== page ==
“At the daycare, I came up with the idea of ​​not serving birthday cakes anymore,” Mohammad said. “It was brutal but we decided to make lovely mixed fruit. The problem is we always eat mixed fruit and it gets boring. After the project they asked us if we could have bean pie for our next birthday. My sister told me to use cream cheese The recipe. It was a hit. They garnished it with fruit.”

credit: Colin Boyle/Chicago Neighborhood Club
Various bean pies wait to be packed at Imani’s Original Bean Pies and Fine Foods, Inc. on the South Shore on Oct. 10. 25th, 2022.

Mohammad started selling her pies at a small health store in the South Side. Soon, she said, she expanded into grocery stores like Fairplay Foods, Pete’s Market, Whole Foods and the now-defunct Ultra Foods after friends and friends of friends spread the word. You can even find Imani’s Original Bean Pies in New York and Philadelphia, she says.

Muhammad’s only mistake was “putting the cart before the horse and starting a business without a plan,” she says.

Mohammad had never worked in distribution before starting the pie business, she said. She said she didn’t know what the UPC was and that her business label was a homemade printout.

Mohammed said that Mohammed’s children, nieces and nephews would deliver the pies to the grocery store and put them on the shelves, much to the confusion of managers. Every moment, she says, is a learning experience.

“It’s been a pleasant journey,” Mohammad said. “There were a lot of ups and downs, a lot of learning curve and a lot of mistakes. But we’re still here.”

credit: Colin Boyle/Chicago Neighborhood Club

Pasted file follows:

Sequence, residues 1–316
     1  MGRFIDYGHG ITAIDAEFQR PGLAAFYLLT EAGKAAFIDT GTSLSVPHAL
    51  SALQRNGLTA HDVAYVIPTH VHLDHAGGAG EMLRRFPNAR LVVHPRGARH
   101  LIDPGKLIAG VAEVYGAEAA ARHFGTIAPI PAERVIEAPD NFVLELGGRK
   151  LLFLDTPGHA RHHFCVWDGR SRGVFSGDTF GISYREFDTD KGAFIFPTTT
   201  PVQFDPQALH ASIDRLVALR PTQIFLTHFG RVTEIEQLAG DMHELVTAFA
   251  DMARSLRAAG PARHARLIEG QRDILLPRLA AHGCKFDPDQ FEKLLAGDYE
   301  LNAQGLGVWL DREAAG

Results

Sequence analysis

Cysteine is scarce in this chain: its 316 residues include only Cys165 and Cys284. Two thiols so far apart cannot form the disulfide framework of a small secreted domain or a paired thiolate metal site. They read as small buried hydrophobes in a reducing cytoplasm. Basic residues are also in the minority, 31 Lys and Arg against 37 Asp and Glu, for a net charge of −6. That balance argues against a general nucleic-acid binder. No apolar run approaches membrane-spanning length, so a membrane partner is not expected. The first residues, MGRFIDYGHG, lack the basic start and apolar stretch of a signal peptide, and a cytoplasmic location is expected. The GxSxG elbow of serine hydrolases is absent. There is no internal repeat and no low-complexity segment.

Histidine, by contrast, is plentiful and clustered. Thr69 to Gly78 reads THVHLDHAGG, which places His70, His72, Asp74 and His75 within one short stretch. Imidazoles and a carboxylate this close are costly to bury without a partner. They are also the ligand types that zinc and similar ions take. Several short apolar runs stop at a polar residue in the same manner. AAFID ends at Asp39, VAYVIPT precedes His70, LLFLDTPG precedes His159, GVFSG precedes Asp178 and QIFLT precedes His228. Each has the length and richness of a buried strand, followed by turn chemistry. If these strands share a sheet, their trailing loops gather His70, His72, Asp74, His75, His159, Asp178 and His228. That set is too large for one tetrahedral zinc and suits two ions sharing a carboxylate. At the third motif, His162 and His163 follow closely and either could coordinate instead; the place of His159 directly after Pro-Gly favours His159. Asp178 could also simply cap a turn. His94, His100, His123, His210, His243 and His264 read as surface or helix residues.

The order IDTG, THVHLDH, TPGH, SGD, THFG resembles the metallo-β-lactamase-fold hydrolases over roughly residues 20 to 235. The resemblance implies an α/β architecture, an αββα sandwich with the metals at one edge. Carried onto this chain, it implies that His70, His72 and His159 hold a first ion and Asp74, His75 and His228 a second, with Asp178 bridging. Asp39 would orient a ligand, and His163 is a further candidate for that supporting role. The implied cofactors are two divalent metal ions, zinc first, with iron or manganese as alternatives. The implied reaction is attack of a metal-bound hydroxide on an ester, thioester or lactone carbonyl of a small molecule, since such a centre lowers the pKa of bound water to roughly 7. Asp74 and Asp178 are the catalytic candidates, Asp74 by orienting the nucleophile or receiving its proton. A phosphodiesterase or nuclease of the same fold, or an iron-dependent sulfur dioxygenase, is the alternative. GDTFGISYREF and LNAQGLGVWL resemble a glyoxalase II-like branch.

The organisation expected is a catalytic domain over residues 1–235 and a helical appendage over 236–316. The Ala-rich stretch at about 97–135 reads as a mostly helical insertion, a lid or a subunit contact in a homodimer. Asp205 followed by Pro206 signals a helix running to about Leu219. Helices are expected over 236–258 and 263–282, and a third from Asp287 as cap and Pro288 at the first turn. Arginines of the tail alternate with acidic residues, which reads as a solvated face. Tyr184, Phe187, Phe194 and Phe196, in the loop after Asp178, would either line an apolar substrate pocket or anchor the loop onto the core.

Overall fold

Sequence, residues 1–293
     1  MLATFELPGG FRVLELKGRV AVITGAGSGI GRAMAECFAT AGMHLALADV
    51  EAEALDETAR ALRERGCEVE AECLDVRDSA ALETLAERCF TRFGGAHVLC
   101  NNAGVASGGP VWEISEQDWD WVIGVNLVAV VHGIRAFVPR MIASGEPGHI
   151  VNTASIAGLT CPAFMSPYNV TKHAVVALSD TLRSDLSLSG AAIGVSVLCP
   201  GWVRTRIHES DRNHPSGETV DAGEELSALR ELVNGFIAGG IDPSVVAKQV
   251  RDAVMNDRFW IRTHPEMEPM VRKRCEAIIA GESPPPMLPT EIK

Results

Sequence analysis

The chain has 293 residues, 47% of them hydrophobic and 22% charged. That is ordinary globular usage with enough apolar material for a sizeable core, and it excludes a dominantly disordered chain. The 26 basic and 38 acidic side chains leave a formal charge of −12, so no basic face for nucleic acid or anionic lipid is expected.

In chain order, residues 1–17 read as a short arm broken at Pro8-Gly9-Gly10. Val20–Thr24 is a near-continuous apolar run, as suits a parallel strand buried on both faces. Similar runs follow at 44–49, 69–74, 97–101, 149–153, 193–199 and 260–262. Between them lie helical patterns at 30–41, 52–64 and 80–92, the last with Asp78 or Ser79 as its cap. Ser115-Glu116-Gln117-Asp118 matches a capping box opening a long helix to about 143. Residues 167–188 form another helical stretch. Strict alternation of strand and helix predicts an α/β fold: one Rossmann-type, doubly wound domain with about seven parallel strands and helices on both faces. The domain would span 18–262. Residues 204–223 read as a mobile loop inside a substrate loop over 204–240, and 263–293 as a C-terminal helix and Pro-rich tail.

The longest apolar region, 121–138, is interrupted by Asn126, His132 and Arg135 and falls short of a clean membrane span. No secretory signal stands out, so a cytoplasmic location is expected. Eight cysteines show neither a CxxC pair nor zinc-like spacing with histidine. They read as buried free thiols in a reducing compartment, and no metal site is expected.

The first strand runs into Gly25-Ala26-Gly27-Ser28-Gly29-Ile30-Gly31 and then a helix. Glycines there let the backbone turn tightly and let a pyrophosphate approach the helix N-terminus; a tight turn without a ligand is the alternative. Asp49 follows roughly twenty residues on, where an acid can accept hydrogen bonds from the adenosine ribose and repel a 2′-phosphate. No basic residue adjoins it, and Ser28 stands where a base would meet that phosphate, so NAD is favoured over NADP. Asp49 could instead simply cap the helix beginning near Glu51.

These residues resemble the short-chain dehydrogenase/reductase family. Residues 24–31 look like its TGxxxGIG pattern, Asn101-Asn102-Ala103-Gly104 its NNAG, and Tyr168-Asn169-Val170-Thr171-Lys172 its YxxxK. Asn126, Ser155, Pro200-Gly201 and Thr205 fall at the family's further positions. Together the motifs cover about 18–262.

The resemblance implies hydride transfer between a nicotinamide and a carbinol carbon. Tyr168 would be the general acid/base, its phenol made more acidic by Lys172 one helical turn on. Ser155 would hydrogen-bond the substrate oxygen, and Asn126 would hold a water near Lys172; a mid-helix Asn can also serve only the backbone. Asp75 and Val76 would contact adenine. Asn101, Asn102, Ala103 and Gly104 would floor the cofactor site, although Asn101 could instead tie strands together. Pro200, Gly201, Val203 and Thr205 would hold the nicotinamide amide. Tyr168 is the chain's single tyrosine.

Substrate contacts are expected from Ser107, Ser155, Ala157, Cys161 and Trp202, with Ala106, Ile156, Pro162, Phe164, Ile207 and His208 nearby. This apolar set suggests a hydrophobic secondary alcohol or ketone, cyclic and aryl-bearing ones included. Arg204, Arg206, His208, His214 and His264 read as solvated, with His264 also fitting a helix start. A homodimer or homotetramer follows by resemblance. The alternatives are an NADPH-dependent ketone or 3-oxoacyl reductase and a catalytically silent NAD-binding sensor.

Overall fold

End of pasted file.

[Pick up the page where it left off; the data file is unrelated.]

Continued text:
Chef Ibrahim Muhammad prepares navy beans at Imani’s Original Bean Pies and Fine Foods, Inc. on the South Shore on Oct. 10. 25th, 2022.

Years in the industry have given Mohamed greater control over her business, she said.

She said Mohammad withdrew her pies from big box retailers and focused on local health food markets, where customers were getting their pies quickly. She saw products for sale at the Go Green Community Fresh Market, a short walk from her home in Englewood.

Mohammed met with an adviser more than a year ago to discuss the balance sheet, she said. When he asked her what her next dream was, she said she knew it was opening a shop.

Muhammad opened Imani’s Original Bean Pies this summer. She said the store was dedicated to her mother, Mama T, who died in May.

Mohammad started her business with the help of her children and young people at the nursery. Their enthusiasm has driven her to sell her pies citywide, she said. As she got older, they helped her hand out pies and help bake them.

She said it was only fitting that Mohammad continued the tradition of putting young people at the heart of the business in her new store.

credit: Colin Boyle/Chicago Neighborhood Club
A portrait of owner Imani Muhammad’s mother hangs on the wall of Imani’s Original Bean Pies and Fine Foods, Inc. on the South Shore on Oct. 10. 25th, 2022.

Muhammad’s daughter Hadiyah is in charge of the cash register and finances. Jihad Muhammad and Ibrahim Muhammad, two men she has known since childhood, cook and bake. She said Jihad Muhammad made the soup.

The journey, she says, has always been about creating and building a legacy for future generations — and creating something sweet along the way.

“I want my pie to be remembered as a delicious, delightful homemade dessert, like the way my grandmothers and grandfathers used to make it,” Mohammed said. “We make homemade desserts that you can’t put on the table. A few weeks. Around here, we’ll have dessert first.”

The store is open daily from 11am to 5pm.